– FreeMan
    Commented Oct 28, 2021 at 18:25
  • 4
    The oddly-shaped hole (for the record changer mechanism), combined with around-the-periphery small holed (for the springy suspension posts that hold the mechanism) support this answer. Upvoted. Commented Oct 28, 2021 at 19:09
  • 2
    @jay613 - Most likely the person who designed the anti-resonant features was not the same person who designed and built the cabinet. In fact, the drawer bottom might have been taken out of something else, and custom fit into a sliding drawer in this cabinet.
    – Mark
    Commented Oct 28, 2021 at 22:21
  • 2
    The systems I remember looking like this came from the mid-50s. I imagine the engineering applied was more basic than current knowledge. The odd shape of the cutout was to provide room for the motor and other bits which hung down several inches below the turntable and visible top. Commented Oct 28, 2021 at 22:33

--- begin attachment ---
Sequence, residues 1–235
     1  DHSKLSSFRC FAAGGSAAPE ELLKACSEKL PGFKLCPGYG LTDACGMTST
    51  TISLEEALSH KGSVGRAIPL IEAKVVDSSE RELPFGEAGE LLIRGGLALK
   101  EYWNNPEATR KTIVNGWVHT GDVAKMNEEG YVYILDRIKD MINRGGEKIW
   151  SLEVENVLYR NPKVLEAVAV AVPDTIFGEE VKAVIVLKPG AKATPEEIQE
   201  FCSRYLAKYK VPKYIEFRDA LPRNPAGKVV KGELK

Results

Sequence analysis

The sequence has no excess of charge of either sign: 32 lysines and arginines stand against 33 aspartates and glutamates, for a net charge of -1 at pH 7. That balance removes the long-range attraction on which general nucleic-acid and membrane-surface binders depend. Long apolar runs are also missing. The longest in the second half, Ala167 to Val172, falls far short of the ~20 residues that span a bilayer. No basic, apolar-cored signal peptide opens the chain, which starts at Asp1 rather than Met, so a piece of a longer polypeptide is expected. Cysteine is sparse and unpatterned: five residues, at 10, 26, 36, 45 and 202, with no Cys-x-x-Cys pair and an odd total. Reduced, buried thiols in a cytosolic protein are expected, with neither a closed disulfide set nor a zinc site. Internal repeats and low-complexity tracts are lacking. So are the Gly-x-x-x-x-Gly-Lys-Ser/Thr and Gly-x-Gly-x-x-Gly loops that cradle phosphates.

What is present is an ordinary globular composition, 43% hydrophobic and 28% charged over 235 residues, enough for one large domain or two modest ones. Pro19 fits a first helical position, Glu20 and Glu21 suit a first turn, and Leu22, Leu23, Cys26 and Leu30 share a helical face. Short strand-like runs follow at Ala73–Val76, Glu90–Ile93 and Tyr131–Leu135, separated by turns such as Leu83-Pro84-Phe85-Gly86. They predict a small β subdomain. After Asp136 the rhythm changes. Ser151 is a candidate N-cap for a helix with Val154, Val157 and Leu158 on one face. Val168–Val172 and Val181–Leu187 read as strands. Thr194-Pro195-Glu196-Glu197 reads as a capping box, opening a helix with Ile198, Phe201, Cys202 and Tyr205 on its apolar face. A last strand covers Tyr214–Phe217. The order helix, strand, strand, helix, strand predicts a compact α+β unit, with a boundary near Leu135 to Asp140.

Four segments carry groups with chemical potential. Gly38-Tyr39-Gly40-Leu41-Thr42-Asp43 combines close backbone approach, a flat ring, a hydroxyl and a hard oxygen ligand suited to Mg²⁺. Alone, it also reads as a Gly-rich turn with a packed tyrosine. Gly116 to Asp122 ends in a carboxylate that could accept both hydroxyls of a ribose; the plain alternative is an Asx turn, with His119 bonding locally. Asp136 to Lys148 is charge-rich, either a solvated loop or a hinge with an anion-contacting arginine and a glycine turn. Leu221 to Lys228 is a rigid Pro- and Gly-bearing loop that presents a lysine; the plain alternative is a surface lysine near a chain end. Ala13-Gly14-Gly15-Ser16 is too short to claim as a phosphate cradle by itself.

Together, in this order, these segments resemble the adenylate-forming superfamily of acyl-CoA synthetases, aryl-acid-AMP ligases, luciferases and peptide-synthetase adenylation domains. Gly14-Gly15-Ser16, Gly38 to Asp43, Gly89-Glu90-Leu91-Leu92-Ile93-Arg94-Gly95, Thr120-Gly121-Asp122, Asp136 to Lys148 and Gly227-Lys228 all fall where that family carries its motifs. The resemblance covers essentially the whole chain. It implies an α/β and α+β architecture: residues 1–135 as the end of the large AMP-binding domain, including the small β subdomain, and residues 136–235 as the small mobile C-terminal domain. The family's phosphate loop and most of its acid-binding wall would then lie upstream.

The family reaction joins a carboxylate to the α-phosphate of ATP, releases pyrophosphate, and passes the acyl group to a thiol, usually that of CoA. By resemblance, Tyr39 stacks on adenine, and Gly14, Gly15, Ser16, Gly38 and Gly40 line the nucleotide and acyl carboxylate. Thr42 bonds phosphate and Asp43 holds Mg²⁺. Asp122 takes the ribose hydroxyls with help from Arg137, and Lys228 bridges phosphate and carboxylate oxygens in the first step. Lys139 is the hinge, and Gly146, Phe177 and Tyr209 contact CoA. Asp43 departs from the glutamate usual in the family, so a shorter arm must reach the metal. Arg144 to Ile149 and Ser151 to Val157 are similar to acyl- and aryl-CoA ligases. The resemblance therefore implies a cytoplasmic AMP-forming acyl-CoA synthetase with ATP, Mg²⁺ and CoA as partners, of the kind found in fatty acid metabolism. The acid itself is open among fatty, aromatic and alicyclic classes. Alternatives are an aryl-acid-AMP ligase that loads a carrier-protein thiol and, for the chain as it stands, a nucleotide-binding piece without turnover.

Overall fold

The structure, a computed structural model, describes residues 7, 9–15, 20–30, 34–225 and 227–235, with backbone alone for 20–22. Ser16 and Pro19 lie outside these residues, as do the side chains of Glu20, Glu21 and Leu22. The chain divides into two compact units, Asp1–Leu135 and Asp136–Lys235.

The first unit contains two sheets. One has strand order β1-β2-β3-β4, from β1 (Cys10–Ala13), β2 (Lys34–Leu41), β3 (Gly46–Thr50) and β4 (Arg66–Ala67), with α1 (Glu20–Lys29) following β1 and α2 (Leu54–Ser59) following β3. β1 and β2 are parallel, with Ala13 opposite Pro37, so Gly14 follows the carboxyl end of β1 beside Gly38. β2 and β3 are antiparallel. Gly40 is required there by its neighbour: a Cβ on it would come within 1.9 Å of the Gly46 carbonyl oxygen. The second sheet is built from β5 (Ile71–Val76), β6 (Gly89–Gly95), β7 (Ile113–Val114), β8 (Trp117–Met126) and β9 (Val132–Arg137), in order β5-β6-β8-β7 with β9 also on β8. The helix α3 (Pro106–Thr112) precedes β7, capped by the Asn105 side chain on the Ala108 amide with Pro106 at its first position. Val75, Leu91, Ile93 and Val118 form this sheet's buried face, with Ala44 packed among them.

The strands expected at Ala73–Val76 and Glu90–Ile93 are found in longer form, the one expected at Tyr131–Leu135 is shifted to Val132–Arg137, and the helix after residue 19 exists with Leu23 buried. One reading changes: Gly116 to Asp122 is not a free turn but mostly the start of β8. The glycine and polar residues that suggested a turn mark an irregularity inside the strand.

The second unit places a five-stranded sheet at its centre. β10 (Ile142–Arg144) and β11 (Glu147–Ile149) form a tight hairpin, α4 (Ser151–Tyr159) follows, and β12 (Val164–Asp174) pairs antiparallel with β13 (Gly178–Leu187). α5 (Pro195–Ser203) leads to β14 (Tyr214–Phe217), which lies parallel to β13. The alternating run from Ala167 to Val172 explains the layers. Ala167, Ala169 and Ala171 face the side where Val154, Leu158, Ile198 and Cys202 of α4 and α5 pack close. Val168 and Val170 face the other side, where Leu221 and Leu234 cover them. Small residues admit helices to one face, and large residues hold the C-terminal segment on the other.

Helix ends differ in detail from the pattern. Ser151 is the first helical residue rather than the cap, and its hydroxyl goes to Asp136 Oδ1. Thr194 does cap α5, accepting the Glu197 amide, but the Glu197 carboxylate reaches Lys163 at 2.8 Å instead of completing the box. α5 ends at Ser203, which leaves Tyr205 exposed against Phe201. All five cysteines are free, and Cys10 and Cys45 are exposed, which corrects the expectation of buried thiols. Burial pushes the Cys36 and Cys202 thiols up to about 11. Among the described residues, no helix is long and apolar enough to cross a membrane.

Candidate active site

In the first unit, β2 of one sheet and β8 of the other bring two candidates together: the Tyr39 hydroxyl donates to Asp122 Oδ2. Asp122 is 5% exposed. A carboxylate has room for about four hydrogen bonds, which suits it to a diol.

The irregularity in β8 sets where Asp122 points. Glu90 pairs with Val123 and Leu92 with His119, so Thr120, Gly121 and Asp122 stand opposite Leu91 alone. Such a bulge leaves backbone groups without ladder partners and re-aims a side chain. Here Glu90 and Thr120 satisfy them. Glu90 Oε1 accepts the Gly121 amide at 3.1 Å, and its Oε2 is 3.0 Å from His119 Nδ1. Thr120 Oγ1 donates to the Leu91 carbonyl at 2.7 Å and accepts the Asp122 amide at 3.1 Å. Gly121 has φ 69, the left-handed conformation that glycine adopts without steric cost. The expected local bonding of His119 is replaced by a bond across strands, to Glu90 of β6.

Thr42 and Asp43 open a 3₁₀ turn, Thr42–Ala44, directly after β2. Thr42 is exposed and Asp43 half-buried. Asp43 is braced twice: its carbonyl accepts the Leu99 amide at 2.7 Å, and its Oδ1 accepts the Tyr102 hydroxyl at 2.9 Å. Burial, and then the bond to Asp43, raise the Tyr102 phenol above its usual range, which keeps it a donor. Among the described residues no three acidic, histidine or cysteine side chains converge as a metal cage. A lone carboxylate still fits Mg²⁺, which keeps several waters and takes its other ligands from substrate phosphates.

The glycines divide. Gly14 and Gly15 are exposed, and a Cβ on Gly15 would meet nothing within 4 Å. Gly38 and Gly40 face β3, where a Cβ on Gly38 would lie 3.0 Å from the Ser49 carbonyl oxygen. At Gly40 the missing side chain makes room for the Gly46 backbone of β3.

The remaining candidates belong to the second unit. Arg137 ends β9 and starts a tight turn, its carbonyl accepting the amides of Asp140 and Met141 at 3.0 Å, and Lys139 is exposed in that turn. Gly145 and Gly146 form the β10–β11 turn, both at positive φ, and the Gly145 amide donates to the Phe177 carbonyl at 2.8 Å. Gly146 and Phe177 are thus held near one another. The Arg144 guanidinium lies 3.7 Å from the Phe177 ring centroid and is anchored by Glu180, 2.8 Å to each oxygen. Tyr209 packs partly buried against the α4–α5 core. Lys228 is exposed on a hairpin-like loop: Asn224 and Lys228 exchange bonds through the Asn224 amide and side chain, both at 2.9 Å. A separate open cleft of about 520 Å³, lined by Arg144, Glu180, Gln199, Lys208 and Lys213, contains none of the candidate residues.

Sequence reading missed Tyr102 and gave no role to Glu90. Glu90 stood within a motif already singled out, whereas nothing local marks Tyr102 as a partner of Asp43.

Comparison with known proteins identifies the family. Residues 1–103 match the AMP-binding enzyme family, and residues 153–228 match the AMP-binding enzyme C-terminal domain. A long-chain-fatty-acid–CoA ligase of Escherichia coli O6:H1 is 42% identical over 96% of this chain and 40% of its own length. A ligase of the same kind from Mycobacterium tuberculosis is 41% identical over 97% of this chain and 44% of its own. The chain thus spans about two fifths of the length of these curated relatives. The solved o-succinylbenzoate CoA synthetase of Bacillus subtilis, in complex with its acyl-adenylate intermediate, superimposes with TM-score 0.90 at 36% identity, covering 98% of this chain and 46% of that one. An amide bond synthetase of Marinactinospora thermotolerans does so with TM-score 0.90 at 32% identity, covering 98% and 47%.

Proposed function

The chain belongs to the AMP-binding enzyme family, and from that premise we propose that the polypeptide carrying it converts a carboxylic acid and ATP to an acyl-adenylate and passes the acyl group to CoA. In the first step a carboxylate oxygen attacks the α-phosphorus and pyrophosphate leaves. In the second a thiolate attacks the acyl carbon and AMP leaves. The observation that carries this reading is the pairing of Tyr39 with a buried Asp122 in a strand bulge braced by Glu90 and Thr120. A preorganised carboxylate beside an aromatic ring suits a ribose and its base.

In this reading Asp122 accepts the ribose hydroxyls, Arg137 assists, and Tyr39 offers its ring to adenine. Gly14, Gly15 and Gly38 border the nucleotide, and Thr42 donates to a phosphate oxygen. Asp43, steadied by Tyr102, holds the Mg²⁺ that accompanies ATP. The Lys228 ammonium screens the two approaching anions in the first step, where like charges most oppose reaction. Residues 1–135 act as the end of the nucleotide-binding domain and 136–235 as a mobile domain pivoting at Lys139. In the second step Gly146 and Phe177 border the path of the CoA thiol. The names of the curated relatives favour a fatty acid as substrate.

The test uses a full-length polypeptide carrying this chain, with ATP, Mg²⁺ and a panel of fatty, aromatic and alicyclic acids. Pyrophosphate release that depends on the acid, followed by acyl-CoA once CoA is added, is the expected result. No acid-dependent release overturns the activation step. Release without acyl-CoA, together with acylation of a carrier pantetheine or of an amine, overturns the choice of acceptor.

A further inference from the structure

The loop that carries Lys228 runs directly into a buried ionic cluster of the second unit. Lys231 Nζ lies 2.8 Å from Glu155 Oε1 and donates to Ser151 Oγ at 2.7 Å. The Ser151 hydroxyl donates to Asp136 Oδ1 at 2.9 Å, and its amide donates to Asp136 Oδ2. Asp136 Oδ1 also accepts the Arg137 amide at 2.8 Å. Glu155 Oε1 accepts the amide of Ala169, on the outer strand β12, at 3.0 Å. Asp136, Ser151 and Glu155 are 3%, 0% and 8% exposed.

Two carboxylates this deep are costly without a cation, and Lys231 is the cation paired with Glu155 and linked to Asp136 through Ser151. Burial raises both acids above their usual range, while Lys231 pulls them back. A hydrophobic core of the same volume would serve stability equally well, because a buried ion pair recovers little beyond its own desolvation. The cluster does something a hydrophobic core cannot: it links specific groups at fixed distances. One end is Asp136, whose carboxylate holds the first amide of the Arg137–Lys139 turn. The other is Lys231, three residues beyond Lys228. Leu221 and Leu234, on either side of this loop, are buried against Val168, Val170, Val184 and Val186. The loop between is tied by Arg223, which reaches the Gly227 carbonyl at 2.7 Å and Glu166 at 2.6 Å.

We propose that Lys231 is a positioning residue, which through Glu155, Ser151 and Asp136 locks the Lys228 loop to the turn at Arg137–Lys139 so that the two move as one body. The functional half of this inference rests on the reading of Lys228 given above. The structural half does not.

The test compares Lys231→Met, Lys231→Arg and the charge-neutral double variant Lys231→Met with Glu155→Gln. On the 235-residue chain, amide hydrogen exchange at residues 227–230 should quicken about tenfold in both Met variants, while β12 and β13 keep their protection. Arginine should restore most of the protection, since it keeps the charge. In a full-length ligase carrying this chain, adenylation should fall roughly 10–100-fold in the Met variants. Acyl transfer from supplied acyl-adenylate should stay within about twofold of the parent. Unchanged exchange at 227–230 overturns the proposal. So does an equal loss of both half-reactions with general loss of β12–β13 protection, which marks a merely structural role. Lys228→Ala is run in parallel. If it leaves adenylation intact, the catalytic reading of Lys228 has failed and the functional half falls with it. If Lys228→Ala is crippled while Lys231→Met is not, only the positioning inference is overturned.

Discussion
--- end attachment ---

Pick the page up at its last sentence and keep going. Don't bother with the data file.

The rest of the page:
• 2
    I'd say it was likely for a record player like this one. It was designed as a wall-mounted unit and the turntable flipped down like a Murphy bed. The mechanics were already installed in a drawer-like box, so transplanting it into an actual drawer would simply mean creating the right cutout. The flip-down design meant it had a low enough profile to fit in the drawer.
    – bta
    Commented Oct 29, 2021 at 2:15

I'm going to move my comment to an answer...

I'd say it was for an old dot-matrix printer that used fan-fold paper. The box of paper would sit in behind the door below and was fed up through the hole in the drawer, through the printer, then it would restack... somewhere.